“Yes, the current efforts include important countries, but without coordination and collective work, they won’t be able to influence the parties” on the ground, he noted, underlining the importance of pressure from the EU and UN in making an impact.

Other obstacles include a clash in regional and international interests and failure to effectively bring in civilians to the peace process.

Arman said all initiatives should be combined at one platform – Jeddah – to create a cohesive vision and for the civilians to be an active player in the process.

The international community must also take real resolutions against everyone prolonging the conflict, he urged.

The real pressure must also come from the Sudanese people themselves, he added. The political movement that was forced to flee Khartoum needs time to regroup and refocus its agenda.

No one in Sudan wants foreign intervention to end the war, he said.


25 Dead as Damascus Loyalists Clash with Kurdish-Led Forces, Says Monitor

Fighters of the Syrian Democratic Forces (SDF) gesture as they move from Deir Ezzor to the Dheiban front line in eastern Syria on September 4, 2023, during a guided media tour organized by the SDF. (AFP)
Fighters of the Syrian Democratic Forces (SDF) gesture as they move from Deir Ezzor to the Dheiban front line in eastern Syria on September 4, 2023, during a guided media tour organized by the SDF. (AFP)
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25 Dead as Damascus Loyalists Clash with Kurdish-Led Forces, Says Monitor

Fighters of the Syrian Democratic Forces (SDF) gesture as they move from Deir Ezzor to the Dheiban front line in eastern Syria on September 4, 2023, during a guided media tour organized by the SDF. (AFP)
Fighters of the Syrian Democratic Forces (SDF) gesture as they move from Deir Ezzor to the Dheiban front line in eastern Syria on September 4, 2023, during a guided media tour organized by the SDF. (AFP)

Fighters loyal to the Syrian government have clashed with Kurdish-led forces in a mainly Arab district of eastern Syria, leaving 25 people dead in two days, a war monitor said Tuesday.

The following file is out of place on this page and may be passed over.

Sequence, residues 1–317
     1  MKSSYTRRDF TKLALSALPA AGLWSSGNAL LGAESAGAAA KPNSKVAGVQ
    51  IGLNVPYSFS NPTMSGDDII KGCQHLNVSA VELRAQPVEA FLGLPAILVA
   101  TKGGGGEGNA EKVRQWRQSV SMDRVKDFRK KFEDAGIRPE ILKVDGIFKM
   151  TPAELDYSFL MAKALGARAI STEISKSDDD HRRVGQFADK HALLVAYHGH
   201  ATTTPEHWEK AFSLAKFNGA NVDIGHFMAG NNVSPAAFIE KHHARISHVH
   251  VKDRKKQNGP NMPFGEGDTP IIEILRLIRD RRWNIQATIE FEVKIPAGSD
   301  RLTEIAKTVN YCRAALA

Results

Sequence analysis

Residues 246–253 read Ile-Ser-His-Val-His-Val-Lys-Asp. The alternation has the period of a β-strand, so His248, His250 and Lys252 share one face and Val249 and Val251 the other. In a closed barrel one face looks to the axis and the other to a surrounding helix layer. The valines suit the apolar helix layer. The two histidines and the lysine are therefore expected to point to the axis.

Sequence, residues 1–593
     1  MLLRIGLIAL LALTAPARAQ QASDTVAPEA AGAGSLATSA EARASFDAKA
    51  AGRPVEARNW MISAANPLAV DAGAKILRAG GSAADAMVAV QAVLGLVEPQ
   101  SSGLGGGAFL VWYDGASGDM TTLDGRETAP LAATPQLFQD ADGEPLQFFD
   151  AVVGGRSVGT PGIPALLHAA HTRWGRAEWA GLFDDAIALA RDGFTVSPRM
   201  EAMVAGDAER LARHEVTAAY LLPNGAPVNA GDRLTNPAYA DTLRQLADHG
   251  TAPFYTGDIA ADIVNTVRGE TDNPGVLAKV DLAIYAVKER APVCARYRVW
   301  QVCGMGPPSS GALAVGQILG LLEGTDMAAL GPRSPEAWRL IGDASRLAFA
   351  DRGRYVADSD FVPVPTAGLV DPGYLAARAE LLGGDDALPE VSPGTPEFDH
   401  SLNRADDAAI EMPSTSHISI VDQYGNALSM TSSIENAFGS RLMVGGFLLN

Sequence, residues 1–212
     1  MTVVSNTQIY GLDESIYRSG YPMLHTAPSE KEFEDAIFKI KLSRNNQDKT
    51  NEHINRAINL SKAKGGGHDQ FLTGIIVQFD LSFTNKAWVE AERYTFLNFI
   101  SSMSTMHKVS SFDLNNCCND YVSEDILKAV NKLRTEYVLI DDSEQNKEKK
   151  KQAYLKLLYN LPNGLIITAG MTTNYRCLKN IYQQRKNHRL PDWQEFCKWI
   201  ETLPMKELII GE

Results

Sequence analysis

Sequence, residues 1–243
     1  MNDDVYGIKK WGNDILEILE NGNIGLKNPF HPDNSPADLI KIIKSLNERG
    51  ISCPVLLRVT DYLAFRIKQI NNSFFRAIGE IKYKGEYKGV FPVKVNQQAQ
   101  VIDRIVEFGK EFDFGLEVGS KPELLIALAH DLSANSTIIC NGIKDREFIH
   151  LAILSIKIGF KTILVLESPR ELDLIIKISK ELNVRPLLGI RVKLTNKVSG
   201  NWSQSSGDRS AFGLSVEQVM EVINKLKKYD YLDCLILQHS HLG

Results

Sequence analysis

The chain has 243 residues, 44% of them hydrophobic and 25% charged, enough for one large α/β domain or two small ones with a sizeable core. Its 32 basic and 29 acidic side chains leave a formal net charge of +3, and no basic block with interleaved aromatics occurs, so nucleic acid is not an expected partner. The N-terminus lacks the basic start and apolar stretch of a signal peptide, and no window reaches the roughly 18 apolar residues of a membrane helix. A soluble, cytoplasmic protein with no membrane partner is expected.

The Kurdish-led Syrian Democratic Forces (SDF), who are backed by Washington, said they had "driven out the regime gunmen who had infiltrated the Dheiban area" of Deir Ezzor province in the gun battles which erupted on Monday.

Earlier this month, the same area saw 10 days of fighting between the SDF and armed Arab tribesmen in which 90 people were killed.

Britain-based monitor the Syrian Observatory for Human Rights said the latest clashes erupted when pro-government fighters crossed the Euphrates river, which separates pro-government forces in southwestern Deir Ezzor from the SDF in the northeast.

It said 21 of the dead were Damascus loyalists and three were SDF fighters. A woman was also killed.

The SDF said the loyalist fighters had crossed the Euphrates "under cover of an indiscriminate bombardment" of its positions.

The SDF riposted by bombarding the right bank of the river which is controlled by government troops with support from Iran-backed militias, the Observatory said.

The SDF was Washington's main Syrian ally in its fightback against ISIS, which culminated in the extremists’ defeat in their last Syrian foothold on the left bank of the Euphrates in 2019.

War erupted in Syria after President Bashar al-Assad's government crushed peaceful protests in 2011.

The conflict has killed more than half a million people and driven half the country's pre-war population from their homes.


UN Says Cholera and Dengue Outbreaks Have Been Reported in Eastern Sudan as Conflict Grinds on 

People queue at a medical laboratory to get tested for dengue fever in the eastern Qadarif state of war-torn Sudan on September 22, 2023, amid reports of the spread of the viral infection. (AFP)
People queue at a medical laboratory to get tested for dengue fever in the eastern Qadarif state of war-torn Sudan on September 22, 2023, amid reports of the spread of the viral infection. (AFP)